A connected world for people with sight loss

Post date: 
Tuesday, 1 April 2014
Category: 
TV, Radio and Film

13 November 2013 The recent ofcom report, Disabled Consumers' Ownership of Communications Services Report states that people with sight loss have a higher than average propensity to use the internet than people with other disabilities.

Forty-four per cent of the people with sight loss have access to Pay TV in comparison to 55 per cent of the general population.

People with sight loss are less likely to have used internet than the general population (62 per cent of people with sight loss in comparison to 83 per cent of the people with no disabilities).

As per the report recently published by Ofcom, Disabled Consumers’ Ownership of Communications Services Report, people with sight loss (who have access to internet) have a higher than average propensity to use the internet for social networking and job searching than people with other disabilities.

So lets take a closer look at how blind and partially sighed people fared at the ownership and access to some of the key products and services:

Television related services

  • Pay-TV usage were found to be lower in homes of blind or partially sighted people: 44 per cent of the people with sight loss interviewed had access to Pay TV in comparison to 55 per cent of the general population
  • 62 per cent of the people with sight loss used the Freeview or the Freesat service in comparison to 53 per cent of the general population
  • 20 per cent of the people with sight loss owned a DAB in comparison to 26 per cent of the general population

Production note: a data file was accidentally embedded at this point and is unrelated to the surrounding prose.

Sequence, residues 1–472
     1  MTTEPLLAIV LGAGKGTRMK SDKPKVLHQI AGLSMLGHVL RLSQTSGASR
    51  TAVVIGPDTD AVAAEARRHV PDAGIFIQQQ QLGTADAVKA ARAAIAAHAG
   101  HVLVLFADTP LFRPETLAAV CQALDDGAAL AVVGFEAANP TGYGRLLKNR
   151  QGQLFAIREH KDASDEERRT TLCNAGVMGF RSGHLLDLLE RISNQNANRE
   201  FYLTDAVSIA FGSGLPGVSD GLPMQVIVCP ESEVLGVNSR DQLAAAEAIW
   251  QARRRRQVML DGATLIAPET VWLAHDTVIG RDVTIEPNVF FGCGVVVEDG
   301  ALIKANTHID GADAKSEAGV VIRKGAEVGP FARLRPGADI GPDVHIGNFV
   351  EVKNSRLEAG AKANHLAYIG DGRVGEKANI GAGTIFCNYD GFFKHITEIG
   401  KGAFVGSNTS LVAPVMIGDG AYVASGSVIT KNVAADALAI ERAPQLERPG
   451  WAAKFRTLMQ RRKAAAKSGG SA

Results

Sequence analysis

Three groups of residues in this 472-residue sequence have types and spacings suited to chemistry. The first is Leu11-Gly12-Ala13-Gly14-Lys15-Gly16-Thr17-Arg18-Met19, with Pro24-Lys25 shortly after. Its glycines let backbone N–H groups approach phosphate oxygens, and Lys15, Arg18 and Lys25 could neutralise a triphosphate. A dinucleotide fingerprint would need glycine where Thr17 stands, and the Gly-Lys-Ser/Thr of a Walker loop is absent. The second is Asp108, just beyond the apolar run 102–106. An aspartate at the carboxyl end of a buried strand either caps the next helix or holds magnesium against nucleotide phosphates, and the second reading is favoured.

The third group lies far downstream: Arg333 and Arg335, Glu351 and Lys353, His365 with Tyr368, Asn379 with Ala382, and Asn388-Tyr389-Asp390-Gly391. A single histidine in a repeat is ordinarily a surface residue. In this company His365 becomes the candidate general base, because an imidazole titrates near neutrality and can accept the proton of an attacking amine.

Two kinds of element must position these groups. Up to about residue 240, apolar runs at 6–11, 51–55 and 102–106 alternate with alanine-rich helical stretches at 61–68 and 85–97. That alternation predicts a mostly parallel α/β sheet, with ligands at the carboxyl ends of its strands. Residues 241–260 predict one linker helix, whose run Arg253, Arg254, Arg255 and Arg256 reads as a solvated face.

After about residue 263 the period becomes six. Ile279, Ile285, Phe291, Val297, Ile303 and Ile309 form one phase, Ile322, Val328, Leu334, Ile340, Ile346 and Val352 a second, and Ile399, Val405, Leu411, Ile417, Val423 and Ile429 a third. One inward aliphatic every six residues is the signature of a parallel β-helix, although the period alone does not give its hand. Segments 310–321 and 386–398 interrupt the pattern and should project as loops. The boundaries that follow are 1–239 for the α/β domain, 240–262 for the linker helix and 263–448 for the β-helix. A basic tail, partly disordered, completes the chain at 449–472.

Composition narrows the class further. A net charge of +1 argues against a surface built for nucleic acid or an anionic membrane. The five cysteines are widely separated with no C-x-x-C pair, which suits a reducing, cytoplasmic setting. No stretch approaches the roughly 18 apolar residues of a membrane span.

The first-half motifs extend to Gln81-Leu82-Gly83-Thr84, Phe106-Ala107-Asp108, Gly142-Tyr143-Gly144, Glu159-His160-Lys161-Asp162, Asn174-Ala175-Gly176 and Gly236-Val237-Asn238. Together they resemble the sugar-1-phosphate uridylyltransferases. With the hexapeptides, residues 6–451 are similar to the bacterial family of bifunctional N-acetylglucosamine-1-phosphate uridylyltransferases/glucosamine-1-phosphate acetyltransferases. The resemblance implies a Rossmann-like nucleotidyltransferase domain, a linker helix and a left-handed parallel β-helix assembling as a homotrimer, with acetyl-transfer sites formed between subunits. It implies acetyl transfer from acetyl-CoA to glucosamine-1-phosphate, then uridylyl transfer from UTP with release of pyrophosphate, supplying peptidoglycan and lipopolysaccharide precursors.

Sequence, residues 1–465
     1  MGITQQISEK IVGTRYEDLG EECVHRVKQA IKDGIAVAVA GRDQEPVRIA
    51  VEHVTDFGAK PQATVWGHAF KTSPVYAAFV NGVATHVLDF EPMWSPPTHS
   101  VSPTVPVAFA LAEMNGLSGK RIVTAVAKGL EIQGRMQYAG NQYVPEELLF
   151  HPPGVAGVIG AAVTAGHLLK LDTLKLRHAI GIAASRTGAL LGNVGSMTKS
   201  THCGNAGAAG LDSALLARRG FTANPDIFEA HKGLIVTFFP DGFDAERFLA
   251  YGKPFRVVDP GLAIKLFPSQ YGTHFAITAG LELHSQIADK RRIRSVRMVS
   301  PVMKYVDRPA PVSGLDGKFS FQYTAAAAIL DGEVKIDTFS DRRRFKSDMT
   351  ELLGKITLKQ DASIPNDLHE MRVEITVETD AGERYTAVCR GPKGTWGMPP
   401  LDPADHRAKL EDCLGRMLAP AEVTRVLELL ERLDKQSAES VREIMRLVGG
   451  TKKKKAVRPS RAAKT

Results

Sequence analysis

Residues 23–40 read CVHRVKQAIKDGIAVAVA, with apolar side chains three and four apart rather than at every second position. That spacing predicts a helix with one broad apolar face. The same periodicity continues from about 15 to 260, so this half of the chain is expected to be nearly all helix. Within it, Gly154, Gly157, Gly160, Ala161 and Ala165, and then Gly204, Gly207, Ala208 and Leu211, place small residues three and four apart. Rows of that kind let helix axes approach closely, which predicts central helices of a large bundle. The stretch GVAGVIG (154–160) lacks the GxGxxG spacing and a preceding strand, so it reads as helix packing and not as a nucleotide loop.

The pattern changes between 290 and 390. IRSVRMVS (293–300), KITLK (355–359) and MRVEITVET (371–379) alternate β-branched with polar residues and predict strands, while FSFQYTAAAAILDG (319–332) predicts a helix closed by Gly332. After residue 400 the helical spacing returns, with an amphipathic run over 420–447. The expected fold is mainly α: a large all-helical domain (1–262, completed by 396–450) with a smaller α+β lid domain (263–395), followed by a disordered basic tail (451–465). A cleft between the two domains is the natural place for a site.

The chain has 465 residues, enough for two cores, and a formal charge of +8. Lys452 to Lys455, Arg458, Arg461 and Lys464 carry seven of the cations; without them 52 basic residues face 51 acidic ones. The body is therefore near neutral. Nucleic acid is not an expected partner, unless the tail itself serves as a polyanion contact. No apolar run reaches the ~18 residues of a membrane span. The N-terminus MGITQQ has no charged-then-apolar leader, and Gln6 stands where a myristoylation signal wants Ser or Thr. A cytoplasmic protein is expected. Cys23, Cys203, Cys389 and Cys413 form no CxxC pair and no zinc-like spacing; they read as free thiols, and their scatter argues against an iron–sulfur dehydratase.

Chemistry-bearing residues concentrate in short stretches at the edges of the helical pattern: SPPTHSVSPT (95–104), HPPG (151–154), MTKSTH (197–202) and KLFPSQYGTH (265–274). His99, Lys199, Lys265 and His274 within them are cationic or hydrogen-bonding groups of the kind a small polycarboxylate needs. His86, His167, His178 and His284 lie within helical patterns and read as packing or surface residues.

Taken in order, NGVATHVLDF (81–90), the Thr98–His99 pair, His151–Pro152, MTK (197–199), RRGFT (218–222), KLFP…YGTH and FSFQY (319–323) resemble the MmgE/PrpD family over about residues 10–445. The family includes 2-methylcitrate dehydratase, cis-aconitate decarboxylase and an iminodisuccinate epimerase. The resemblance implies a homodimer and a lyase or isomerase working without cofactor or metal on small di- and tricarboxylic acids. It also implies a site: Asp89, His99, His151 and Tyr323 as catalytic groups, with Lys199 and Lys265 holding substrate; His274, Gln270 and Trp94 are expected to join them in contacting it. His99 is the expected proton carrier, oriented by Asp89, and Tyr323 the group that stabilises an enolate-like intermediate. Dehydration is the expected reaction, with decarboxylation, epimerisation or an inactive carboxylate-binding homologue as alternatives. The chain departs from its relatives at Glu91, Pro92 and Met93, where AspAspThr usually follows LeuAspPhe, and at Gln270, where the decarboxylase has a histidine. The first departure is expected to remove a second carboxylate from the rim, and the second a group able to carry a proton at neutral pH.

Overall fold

• 33 per cent of the people with sight loss had used the internet to watch a video online in comparison to 39 per cent of the people who had no disabilities.

Access to connected devices and services

  • Most people with sight loss appeared to be frequent users of internet - 66 per cent claim to access the internet more than once a day
  • 62 per cent of people with sight loss had used internet in comparison to 83 per cent of the people with no disabilities
  • 11 per cent of the people with sight loss owned a tablet in comparison to 17 per cent of the people who had no disabilities
  • 65 per cent of the people with sight loss owned a PC in comparison to 79 per cent of the people who had no disabilities
  • 33 per cent of the people with sight loss owned a Smartphone in comparison to 48 per cent of the people who had no disabilities

In light of this report, it becomes even more crucial that we collectively strive to make services that are available online, easier to use for people with sight loss. In the Digital Media and Culture Department, we are trying work with the various service providers for on-demand and catch-up television and film platforms to make the delivery of audio description a reality and their overall player, easier to use for people with sight loss.

Read the complete report on the Ofcom website

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Read about the latest developments and products in television, radio and film for blind and partially sighted people.

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